**Pros and Cons**

Simulation technique allows experimentation with a model of the real life system. Whenever experimenting with the system itself is risky and/or costly, simulation helps in forming a fair idea of the outcome of changes in certain variables. Usually, after constructing the model of a system, one or more input variables are varied for each successive experiment. This would help in the recognition of the major parameters governing the system and proper measures can be taken to improve the overall performance of the system.

Simplifications and assumptions usually required in analytical approaches, are not required for simulation. Hence, managers can easily understand and appreciate simulation. Simulations can also be used to break down complex systems into sub-systems and study the behavior of each of these sub-systems individually or jointly with other sub-systems.

Another advantage of the simulation approach is its flexibility. Extremely complex systems with uncertainty can be studied with a reasonable degree of accuracy. Note that reliability of the results - whether from simulation or analytical approach - depends crucially on how well the mathematical model represents the real system.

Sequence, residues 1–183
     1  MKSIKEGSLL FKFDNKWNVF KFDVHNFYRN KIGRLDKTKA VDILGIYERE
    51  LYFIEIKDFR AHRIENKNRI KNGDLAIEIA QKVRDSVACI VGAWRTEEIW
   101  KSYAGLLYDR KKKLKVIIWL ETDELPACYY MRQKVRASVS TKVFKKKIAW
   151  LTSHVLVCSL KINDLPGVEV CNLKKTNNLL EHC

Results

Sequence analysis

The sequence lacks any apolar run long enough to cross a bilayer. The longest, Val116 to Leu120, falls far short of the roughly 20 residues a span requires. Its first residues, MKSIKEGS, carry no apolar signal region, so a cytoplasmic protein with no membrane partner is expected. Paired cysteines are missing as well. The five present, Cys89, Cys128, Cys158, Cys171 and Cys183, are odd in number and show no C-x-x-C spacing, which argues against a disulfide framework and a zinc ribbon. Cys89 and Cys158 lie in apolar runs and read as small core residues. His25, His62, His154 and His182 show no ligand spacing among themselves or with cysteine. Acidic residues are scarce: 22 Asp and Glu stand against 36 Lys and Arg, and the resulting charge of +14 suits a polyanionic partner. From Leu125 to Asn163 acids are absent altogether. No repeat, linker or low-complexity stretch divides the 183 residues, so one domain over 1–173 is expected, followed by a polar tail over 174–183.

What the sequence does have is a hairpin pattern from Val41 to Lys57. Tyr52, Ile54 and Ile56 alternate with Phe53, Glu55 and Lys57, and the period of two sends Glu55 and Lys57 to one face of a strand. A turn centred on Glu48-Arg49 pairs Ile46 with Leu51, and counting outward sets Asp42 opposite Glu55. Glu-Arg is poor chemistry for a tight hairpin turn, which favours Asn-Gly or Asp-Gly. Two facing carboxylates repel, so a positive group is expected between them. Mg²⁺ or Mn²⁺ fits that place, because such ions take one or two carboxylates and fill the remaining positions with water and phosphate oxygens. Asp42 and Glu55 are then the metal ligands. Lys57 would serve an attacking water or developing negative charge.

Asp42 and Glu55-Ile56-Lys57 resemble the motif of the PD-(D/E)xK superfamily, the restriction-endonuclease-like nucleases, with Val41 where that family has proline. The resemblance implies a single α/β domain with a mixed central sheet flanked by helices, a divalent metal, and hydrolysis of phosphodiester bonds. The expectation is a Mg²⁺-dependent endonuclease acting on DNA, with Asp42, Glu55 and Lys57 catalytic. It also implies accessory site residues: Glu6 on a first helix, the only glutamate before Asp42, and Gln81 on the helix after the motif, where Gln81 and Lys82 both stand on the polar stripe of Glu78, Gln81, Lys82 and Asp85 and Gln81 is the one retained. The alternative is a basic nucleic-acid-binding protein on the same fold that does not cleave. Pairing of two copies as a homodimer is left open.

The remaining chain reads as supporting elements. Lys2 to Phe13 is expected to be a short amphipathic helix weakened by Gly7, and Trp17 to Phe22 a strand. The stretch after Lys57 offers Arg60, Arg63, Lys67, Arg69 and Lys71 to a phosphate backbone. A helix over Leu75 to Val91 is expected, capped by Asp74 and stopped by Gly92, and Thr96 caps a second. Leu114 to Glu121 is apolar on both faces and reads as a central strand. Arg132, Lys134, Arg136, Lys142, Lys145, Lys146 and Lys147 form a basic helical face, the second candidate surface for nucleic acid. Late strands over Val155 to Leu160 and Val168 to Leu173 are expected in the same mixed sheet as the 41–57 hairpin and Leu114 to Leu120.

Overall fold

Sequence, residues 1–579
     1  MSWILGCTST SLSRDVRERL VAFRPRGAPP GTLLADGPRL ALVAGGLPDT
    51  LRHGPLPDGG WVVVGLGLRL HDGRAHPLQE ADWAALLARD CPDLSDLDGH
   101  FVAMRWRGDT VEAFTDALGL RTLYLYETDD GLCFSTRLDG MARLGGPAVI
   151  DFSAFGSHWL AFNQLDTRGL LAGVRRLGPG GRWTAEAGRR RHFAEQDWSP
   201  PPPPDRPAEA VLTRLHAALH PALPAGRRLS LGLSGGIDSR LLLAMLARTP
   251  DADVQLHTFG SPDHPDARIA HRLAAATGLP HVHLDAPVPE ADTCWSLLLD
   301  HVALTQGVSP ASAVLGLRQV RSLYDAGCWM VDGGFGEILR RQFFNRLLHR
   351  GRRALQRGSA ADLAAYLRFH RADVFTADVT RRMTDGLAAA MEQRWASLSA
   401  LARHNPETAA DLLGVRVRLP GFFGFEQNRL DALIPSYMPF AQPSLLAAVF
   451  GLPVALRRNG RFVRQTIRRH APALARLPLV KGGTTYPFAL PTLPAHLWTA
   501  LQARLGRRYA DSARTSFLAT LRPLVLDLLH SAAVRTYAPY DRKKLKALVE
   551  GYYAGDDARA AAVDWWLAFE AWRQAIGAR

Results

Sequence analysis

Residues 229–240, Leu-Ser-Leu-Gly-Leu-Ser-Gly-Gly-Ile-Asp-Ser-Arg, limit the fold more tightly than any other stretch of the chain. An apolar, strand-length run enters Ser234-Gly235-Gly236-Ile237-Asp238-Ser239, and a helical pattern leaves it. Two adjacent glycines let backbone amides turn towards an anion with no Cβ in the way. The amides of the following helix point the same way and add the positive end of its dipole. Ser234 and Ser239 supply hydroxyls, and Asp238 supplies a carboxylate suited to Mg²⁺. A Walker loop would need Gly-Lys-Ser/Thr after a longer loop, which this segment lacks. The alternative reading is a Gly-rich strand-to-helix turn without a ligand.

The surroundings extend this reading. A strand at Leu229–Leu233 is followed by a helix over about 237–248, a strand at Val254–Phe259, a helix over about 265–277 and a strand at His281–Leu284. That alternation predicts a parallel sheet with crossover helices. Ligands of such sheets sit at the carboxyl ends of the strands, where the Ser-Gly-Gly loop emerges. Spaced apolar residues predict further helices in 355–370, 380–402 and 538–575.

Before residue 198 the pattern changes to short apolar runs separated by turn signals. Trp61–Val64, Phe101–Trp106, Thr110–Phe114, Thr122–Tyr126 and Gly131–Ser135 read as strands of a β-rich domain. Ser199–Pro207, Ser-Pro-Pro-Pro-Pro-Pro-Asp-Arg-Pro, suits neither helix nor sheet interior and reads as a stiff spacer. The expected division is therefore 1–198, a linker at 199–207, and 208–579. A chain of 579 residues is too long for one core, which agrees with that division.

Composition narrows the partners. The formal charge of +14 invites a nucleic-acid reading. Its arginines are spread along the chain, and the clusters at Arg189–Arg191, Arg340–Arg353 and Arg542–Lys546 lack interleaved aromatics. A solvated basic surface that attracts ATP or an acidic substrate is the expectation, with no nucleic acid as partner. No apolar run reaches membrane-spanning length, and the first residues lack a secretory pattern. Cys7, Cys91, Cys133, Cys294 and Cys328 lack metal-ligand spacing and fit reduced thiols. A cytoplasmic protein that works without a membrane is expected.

The main disadvantage of simulation is that it is very computer-intensive. Large blocks of expensive computer time may be necessary even for a relatively simple problem. This is particularly true when a large number of runs are required to ensure a reasonable degree of accuracy.

Another drawback is that it does not produce optimal solutions. As the number of parameters increases, the difficulty in finding the optimum values increases to a great extent.

Finally, in terms of information requirements to formulate a reasonable model, the simulation approach is not very different from the analytical approach. While uncertainty can be built into a simulation model, most of the times a simplistic model may be used.

The simulation approach has found extensive applications in the area of business decision making. Some examples are, investment appraisal under uncertainty, analysis of performance of portfolios, waiting line problems, corporate financial models, corporate planning, inventory decisions, etc. Any complex system about which the investigator has sufficient knowledge in terms of interrelationship of variables can be tackled with this approach.